The immediate uses of the water in Bear Lake, local surrounding streams, and the larger Bear River, were primarily for fishing and irrigation. After building a few aspen cabins, the newly settled pioneers began the task of constructing irrigation canals. Within its valley, the Bear River and its tributaries water over 50,000 acres of land in Rich County. The largest irrigation sources are Big Spring and Swan Creek. Settlers in Laketown, Round Valley, and Meadowville continued to construct a network of canals still being used today; these included the Crawford and Thompson Canal, the Beackwith Canal, and the Chapman Canal (Parson, 1996)....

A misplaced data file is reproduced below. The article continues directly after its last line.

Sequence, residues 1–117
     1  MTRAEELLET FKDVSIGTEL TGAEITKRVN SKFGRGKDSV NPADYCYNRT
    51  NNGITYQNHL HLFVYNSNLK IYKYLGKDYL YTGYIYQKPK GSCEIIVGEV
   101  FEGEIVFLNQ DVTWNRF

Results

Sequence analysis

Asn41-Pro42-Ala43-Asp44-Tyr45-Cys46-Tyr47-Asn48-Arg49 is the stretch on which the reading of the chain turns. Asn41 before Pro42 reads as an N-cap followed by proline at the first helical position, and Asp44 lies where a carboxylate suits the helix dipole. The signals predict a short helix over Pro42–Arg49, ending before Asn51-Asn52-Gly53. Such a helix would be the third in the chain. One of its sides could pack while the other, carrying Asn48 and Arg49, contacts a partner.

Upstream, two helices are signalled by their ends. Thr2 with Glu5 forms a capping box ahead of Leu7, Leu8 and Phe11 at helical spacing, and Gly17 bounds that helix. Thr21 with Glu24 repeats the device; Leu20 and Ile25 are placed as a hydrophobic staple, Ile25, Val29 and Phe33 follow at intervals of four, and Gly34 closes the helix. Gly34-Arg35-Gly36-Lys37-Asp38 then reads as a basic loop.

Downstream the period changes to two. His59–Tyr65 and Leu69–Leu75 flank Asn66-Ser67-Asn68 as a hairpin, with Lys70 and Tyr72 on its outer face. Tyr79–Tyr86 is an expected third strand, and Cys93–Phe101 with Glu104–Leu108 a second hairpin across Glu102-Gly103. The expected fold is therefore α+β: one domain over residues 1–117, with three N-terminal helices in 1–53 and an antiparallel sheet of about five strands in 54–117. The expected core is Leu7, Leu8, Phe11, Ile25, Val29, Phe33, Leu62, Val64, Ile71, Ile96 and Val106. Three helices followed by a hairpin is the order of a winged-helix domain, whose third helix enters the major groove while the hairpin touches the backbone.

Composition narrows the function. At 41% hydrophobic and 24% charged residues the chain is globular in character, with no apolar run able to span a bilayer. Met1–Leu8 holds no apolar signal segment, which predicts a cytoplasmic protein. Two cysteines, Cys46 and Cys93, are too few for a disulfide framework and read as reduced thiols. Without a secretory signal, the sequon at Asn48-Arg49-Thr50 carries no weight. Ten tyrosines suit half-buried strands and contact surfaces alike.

Palacios, Patsy; Luecke, Chris; and Robinson, Justin
"History of human impact on Bear Lake,"
Natural Resources and Environmental Issues: Vol. 14
, Article 4.
Available at: http://digitalcommons.usu.edu/nrei/vol14/iss1/4